“I’m Popeye the Sailor Man
I live in a frying pan
I turn on the gas
And burn off my…”
Oh wait, sorry, that was the naughty playground version. Most of us remember Popeye and his loyal use of spinach in lieu of modern day protein shakes to pump up his famous forearms to woo his fiancé of 80 years (Popeye, see ZomppaPatty’s post about Single Ladies – time to put a ring on it…), Olive Oyl. In fact, have you ever noticed the food symbolism in this famous comic strip? There was the adopted darling, Swee ‘Pea, Olive Oyl’s former boyfriend, Harold Ham Gravy, her brother Castor Oyl, and the suck-up J. Wellington Wimpy who just wanted to eat hamburgers…but I digress from the purpose of this post.
I recently finished Nicholas Kristof and Sheryl WuDunn’s amazing book, Half the Sky, and urge everyone to read this. It is a horrifying, beautiful call to action. We hear about poverty and health crises, and I’m sure you have heard the now-familiar quotes that to eradicate these problems, women must be part of the solution. Not only do issues of sex trafficking, violence (i.e. honor killings), and maternal mortality disproportionately affect women (claims one woman per minute – i.e. three women affected by the time you finish reading this post), but issues such as community economic development and health are often better resolved if women are empowered. You know the familiar statistics – give a man power over the household food income and more beer is purchased, give it to the woman and the children and family will be fed.
How is this related to food? Oh…how is it not? Kristof’s most recent editorial is a mind-opening one. What seems like simple micronutrients, such as folic acid, are often ignored (in the U.S. as well), especially when women are expecting. ARE YOU EXPECTING? LISTEN TO POPEYE AND OLIVE OYL!
- Lack of folic acid can lead to brain and spinal defects (i.e. part of brain busting out from a hole in the head);
- Lack of iodine can lead to reduced IQs;
- Lack of zinc can lead to diarrhea;
- Lack of iron can lead to anemia;
- Lack of Vitamin A can lead to childhood blindness.
I’m not trying to freak you out…OK, I am. Point is there are hundreds of thousands of women who do not have access to even a little bit of these nutrients and these defects are preventable. Go onto this site to check out some of the organizations and ways you can help. I understand that charitable giving is not a priority in this economy, but that is also a reason TO help if you can. And if you can’t, there are other ways to get involved. Speak up. Spread the world. If you have a website or blog, grab this image and post it to show your support.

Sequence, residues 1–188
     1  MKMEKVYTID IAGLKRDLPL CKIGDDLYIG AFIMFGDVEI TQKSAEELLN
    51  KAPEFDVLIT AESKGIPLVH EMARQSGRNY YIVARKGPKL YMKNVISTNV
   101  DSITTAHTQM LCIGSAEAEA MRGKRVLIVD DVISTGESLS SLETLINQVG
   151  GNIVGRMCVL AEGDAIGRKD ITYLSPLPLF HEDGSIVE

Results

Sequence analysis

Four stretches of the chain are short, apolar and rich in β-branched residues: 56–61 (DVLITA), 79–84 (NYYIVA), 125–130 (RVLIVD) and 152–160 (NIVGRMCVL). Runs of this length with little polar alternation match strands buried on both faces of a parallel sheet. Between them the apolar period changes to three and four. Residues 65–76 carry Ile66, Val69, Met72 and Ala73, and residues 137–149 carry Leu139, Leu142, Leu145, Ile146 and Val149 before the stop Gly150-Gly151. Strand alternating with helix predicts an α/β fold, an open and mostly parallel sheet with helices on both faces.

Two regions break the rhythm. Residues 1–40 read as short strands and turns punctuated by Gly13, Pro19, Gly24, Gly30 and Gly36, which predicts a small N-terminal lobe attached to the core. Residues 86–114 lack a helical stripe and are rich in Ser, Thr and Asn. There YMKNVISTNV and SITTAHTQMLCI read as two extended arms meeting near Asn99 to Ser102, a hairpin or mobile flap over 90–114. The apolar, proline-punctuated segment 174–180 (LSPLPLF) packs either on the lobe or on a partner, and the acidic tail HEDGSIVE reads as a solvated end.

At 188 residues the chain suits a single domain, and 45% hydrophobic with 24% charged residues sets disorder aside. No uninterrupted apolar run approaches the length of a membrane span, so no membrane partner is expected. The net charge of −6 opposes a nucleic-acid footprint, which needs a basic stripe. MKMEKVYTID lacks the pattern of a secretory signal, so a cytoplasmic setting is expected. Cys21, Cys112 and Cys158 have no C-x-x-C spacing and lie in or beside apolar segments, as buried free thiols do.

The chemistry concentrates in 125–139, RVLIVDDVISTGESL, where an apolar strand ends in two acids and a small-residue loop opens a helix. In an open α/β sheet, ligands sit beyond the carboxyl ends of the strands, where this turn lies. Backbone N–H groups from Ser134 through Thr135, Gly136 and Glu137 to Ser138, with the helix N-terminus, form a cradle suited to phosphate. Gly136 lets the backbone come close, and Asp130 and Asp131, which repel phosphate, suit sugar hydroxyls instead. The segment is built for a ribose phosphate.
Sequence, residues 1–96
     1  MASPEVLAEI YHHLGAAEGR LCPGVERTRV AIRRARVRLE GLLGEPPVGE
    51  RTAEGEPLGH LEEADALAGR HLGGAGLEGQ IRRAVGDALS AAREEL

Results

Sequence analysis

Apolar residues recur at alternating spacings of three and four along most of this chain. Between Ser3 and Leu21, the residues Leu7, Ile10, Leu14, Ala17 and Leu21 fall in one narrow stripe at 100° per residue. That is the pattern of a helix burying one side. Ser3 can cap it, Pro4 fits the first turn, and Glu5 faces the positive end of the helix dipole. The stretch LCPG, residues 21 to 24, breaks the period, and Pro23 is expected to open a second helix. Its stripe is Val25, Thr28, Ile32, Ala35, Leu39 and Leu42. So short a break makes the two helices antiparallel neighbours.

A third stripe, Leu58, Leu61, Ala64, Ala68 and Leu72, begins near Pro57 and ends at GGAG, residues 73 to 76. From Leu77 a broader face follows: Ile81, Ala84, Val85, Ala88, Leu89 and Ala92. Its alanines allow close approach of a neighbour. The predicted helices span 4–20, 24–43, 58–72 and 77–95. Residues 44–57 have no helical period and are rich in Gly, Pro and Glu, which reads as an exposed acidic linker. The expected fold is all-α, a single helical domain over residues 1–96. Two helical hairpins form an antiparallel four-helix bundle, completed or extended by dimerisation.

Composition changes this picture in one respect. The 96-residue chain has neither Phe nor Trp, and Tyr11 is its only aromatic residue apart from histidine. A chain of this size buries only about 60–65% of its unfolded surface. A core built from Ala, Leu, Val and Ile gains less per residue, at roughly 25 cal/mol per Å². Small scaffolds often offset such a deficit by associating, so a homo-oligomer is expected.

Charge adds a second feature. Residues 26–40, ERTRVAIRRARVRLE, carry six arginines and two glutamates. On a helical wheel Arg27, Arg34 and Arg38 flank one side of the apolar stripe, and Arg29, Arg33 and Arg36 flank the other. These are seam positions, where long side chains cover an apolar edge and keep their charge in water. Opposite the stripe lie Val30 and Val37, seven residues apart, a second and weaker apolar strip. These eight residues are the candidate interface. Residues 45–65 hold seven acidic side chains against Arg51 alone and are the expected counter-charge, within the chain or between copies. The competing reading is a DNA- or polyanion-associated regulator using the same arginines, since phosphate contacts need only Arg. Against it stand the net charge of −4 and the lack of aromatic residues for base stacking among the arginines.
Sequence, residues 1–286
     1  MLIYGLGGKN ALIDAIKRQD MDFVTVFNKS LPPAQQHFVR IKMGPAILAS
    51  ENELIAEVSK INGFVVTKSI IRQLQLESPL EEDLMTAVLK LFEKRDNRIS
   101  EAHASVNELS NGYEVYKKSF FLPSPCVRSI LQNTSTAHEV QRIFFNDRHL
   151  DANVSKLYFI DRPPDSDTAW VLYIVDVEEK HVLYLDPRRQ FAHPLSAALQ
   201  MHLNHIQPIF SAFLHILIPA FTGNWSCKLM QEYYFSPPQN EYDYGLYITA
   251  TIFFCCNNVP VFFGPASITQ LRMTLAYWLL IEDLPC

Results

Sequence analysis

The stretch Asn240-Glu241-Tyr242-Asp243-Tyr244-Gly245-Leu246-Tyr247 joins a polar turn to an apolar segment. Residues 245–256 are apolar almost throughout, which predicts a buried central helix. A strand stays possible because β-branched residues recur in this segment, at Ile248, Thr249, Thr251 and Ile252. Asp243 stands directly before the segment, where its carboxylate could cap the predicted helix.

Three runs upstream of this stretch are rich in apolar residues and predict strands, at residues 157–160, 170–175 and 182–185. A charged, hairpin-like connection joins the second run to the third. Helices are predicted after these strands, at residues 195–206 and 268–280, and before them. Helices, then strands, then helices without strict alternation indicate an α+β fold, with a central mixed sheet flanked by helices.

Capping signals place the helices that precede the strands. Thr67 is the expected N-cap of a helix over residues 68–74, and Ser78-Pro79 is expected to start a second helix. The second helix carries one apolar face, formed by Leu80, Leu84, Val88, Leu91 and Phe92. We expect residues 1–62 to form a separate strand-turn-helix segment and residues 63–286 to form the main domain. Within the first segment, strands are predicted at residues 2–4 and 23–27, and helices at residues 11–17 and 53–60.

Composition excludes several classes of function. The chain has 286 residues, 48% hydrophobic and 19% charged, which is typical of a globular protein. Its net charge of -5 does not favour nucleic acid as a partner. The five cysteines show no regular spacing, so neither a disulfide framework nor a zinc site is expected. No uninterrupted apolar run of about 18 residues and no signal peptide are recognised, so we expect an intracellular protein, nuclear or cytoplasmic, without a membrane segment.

Maternal mortality is not a problem that countries like the U.S. can ignore either. A recent sobering article in the New York Times about the growing dependence on food stamps has reopened debates about whether food stamps should/can cover farmer’s markets and organic foods. Listen, here’s what I think, I doubt anyone wants to or jumps at the chance of depending on food stamps. In fact, not everyone who needs them gets them. Check this 2007 report:
Source: Sprouts in the Sidewalk
and read this great post by Sprouts in the Sidewalk.
Does that mean those who have been impacted and devastated by the current economic climate mean they should be restricted to cheap, preservative-filled, micronutrient lacking “foodstuffs?” Should mothers be forced to have no say in what their children eat? Should mothers be restricted themselves to unhealthy diets for them and their babies?
Access to and availability of food – healthy, micronutrient-rich food – is an issue of social justice, not just a trendy topic of discussion around a dinner table. Education of how to prepare micronutrient-rich and affordable food is therefore crucial. As many of you know, I am on a kale kick these days and so I offer an easy, yummy way to make these, get your micronutrients while being tricked into thinking you’re eating chips.
1 bunch lacinato (dinosaur) kale
1. Preheat oven to 350F
2. Cut kale leaves into large pieces
3. Make sure they are dry, dry, dry
4. Season with olive oil
5. Bake for 10 minutes
6. Sprinkle with sea salt, toss, and bake for another 10 minutes
7. Kale should be CRISPY when done
You can do this with baby spinach too, but the leaves are more delicate so be more careful and make sure they are dry. Use dinosaur kale – the leaves are fuller and thicker and perfect for these chips. Perfect, healthy snack.
Let’s listen to Popeye– eat your spinach and fight for your women – sisters, wives, daughters.
About the Author (Author Profile)With a flair for spontaneity, pizzazz, creative excellence and her own unique sense of aesthetic grace and perspective, we have our very dear friend, Belinda (or B, to some of us). Although an incredibly accomplished professional and career woman, B’s down-to-earth approach and demeanor transcends all scenarios, communities and people. She manifests, in her day-to-day, the essence of the word “Zomppa” as demonstrated by her extraordinary commitment to creating sustainable and positive change for us and future generations to come. She’s asked for a dog every year since she was five. Check out Belinda’s work on global education research and coaching: www.hummingbirdrcc.com or more about her portfolio www.belindachiu.com.
Sites That Link to this Post
- When Half the Sky Goes Hungry | Zomppa - Food, Meet People Zomp | January 5, 2010
- Happy Folic Acid Awareness Week!!!!!! | Zomppa - Food, Meet People | January 6, 2010